This weekend, the WGA East and West voted to approve the current deal offered, that was largely modeled after the deal that was approved by the Directors Guild of America in January.
Both deals essentially double the rates paid for TV shows and films sold as Internet downloads, once certain break-points are reached. And they require studios to work with union talent on content produced specifically for the Web, though lower-budget productions are exempt.

Both pacts also set new "residual" fees for ad-supported online streaming of TV shows. But the WGA gained a modest improvement over the directors' deal in the form of a higher potential residual in the third year of its contract.

Excerpt quoted from Reuters, February 10, 2008.

Thursday, February 07, 2008

Textual Inspiration

Ben's gait was the hop-skip-and-jump proof enough that his heart was light and his anticipations high. He was eating an apple, and giving a long, melodious whoop, at intervals, followed by a deep-toned ding-dong-dong, ding-dong-dong, for he was personating a steamboat. As he drew near, he slackened speed, took the middle of the street, leaned far over to starboard and rounded to ponderously and with laborious pomp and circumstance - for he was personating the Big Missouri, and considered himself to be drawing nine feet of water. He was boat and captain and engine bells combined, so he had to imagine himself standing on his own hurricane deck giving the orders and executing them:

"Stop her, sir! Ting-a-ling-ling!" The headway ran almost out and he drew up slowly toward the sidewalk.

"Ship up to back! Ting-a-ling-ling!" His arms straightened and stiffened down his sides.

"Set her back on the stabboard!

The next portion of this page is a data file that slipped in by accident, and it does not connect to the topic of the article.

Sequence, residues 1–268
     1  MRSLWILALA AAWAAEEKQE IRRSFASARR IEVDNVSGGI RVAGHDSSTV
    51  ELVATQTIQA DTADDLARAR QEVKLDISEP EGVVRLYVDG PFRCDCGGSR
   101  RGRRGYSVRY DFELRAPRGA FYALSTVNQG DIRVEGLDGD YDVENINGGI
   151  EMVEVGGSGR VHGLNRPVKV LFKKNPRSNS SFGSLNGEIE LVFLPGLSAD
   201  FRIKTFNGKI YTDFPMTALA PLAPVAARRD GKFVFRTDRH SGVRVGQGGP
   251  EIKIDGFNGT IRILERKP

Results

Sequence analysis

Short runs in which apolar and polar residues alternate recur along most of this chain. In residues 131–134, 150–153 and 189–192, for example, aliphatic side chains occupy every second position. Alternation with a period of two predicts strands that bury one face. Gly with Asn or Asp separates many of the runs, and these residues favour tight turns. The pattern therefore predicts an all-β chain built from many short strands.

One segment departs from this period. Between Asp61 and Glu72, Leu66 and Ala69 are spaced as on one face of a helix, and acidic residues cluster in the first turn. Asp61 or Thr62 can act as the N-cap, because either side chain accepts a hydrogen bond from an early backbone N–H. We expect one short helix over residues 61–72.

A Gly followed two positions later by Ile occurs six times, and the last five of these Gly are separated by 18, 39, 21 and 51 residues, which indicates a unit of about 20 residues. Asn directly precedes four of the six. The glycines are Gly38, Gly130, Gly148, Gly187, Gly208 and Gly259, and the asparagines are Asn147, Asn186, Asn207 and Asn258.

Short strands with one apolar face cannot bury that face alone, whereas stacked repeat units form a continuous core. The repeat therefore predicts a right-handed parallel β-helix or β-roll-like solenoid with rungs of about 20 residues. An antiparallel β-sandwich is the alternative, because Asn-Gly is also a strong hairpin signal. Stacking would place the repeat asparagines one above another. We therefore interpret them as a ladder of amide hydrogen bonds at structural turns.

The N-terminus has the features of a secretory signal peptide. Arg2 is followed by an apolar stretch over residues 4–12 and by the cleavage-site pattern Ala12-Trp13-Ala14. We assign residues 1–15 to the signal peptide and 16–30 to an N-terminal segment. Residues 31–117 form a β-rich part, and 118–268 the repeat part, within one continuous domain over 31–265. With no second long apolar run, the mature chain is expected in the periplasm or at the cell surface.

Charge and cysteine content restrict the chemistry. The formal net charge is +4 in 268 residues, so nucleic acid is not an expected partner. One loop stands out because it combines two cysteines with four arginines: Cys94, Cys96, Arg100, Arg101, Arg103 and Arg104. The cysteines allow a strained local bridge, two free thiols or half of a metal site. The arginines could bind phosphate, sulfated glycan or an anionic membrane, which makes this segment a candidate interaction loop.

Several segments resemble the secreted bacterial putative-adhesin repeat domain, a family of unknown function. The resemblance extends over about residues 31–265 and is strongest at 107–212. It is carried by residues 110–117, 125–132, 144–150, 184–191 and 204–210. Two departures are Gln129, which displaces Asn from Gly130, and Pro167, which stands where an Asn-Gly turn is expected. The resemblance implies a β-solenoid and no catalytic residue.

Ting-a-ling-ling! Chow! Ch-chow-wow! Chow!" His right hand, meantime, describing stately circles - for it was representing a forty-foot wheel.

- From The Adventures of Tom Sawyer by Mark Twain

Wednesday, February 06, 2008

Beautiful Los Angeles

The view from my desk on a clear day. The one bonus of my going-nowhere-nine-to-five job is having this for daily inspiration.

Monday, February 04, 2008

The Serial and the Hanging Ending

There is nothing I hate more in a book than a hanging ending. When I select a book at a bookstore, I am entering into an agreement with the author. I will pay for the book, devote time to reading, and in return the author will tell me a complete story. On the last page I will be left with the cherished feeling of both satisfaction and wistful regret that the book has come to an end.

However, there is an epidemic amongst certain genres that seem to be insisting that a hanging ending is acceptable. I'm looking at you The Golden Compass. It is not. If you need to leave your readers in suspense on the last page in order to ensure that they pick up the next book, you are not doing your job. Every book in a serial should have its own ending. Yes, the series can work on a larger overall plot (e.g. Voldemort), but you should still feel a satisfaction at the end of each book. A book in a series should be like a battle in the context of a war. The battle ends decisively, but the war continues.

In support of this argument, I present a list of ways to keep readers interested in your series:

1.) Characters - It's always important to have strong characters, but it's even more so in a series. Spend time exploring your main characters. Give them distinct personalities. Work on their charm. Make them accessible to readers. Write about real people. If you do that, people will want to continue with them on their journey.

2.) Romance - While it's important for characters to change somewhat in each book of a series, they are on a slower path than characters in a single novel. I would encourage you to build interpersonal relationships for your characters that grow from book to book. In particular, providing your character with a romantic interest is a great way to carry readers from book to book.

3.) World/Universe - Be creative! Since most serials are in the Sci-Fi or Fantasy genre, it is of utmost importance that you be creative. Draw your readers into the landscape of your book. Fill it with exciting and fascinating things. Make it a place that they want to return to, a place that they want to escape to, a place they would want to be lost.

4.) Plot - As mentioned above, a serial book should be like a battle in the context of the war. Take the time to think this through. Your war-plot should be compelling and exciting, and if you do the above three items, your readers will want to read through until the very ending.